Publication: Monitor Volume: 3 Issue: 209

Russian foreign minister Yevgeny Primakov and CIS executive secretary Ivan Korotchenya yesterday conferred on "strengthening the role of the CIS Council of Heads of Government…delegating to it not only economic functions but also larger political functions in interstate affairs." Only two days earlier, however, Russian prime minister Viktor Chernomyrdin’s spokesman, Igor Shabdurasulov, had stated that the Russian government intends "to emphasize economic, rather than political integration" in CIS bodies. (Russian agencies, November 4, 6) Chernomyrdin chairs the Council of Heads of Government pending a hypothetical rotation, while Korotchenya is due to be rotated out of his current post but is openly resisting the change. (See Monitor, November 5)

Primakov and Korotchenya also discussed "ways to improve the work methods and style of CIS economic, military, and border and customs structures." Regarding the latter, Russia’s State Customs Committee chairman Anatoly Kruglov predicted yesterday that the benefits of the Russia-Belarus-Kazakhstan-Kyrgyzstan Customs Union will eventually attract other CIS countries into the Union. (Russian agencies, November 6) However, Ukraine and Georgia last week, and Armenia and Uzbekistan at the October 23-24 CIS summit, ruled out membership in the Customs Union, calling instead for unrestricted trade among individual CIS countries. Even within the Customs Union, Kruglov himself — along with Russia’s Finance Ministry and the Moscow-based Customs Union Executive Committee — has resisted Russian president Boris Yeltsin’s recent initiative to shift value-added taxes that obstruct the exports of union members to Russia. (See Monitor, October 22-23)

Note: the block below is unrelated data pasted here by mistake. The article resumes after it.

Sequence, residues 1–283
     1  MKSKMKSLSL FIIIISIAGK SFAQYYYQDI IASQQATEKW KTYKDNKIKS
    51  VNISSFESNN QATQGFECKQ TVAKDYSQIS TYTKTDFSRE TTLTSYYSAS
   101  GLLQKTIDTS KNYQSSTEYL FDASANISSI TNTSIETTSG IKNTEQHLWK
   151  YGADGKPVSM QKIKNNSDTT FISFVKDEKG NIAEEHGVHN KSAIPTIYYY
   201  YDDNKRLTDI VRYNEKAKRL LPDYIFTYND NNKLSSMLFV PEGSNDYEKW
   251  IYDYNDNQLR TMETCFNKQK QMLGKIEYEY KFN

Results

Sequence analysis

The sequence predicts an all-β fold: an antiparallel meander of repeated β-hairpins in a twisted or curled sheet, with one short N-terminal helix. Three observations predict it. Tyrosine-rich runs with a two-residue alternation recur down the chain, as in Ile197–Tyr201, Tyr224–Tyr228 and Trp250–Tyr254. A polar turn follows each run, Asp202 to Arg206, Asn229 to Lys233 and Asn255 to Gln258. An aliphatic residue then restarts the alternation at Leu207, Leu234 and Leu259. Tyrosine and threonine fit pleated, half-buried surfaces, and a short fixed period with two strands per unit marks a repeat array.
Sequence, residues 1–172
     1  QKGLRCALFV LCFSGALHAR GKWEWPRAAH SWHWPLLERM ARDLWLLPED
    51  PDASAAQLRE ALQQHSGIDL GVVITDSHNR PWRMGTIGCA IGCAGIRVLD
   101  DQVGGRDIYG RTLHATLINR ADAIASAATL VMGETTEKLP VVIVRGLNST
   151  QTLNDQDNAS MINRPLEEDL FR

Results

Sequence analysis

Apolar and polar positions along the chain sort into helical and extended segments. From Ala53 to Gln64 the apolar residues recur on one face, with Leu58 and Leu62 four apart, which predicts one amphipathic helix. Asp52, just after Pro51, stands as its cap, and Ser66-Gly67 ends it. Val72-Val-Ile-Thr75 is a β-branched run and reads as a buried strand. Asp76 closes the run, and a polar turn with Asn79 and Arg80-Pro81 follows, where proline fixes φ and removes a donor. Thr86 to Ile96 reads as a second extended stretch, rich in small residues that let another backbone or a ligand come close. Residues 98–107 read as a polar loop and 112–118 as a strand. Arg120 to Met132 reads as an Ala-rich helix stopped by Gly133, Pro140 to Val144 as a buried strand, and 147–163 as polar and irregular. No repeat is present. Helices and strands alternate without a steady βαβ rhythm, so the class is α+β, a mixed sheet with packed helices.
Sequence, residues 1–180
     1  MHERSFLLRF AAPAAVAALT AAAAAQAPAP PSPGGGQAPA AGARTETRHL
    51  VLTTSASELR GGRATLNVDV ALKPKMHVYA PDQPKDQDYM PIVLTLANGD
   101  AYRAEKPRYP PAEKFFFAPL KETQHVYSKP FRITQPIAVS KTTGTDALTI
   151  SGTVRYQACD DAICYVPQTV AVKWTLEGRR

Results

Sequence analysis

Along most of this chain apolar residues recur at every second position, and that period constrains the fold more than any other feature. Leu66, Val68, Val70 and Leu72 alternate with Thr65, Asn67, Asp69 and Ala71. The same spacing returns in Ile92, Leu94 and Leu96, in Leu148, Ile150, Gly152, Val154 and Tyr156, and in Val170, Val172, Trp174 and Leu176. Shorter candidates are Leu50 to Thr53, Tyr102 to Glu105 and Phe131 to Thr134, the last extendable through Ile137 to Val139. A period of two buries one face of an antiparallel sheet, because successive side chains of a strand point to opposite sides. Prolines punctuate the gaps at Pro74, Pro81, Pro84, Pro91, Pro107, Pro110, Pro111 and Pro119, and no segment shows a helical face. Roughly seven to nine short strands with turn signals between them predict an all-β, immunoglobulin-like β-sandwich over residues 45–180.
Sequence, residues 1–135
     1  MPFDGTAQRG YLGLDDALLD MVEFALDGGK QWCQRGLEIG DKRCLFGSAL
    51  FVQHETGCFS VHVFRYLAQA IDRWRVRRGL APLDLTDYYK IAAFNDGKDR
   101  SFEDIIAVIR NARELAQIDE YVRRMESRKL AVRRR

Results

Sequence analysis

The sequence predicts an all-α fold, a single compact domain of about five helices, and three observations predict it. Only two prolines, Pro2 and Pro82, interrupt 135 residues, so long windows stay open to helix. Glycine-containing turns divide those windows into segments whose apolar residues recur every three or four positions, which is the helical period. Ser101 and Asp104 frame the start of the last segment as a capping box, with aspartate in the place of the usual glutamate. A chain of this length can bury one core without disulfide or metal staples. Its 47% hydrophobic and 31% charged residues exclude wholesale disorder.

The contentious CIS summit in Chisinau (see Monitor, October 23-24) prompted Russia’s leaders to conclude that an urgent reorganization of the CIS is needed. Thus far, however, the reorganization is being planned in the old centralist spirit in Moscow, by Russian agencies and officials, with minimal or no involvement by the member countries’ governments.

Ukrainian Parliament’s Anti-Privatization Measure Invalid; Program Not Affected.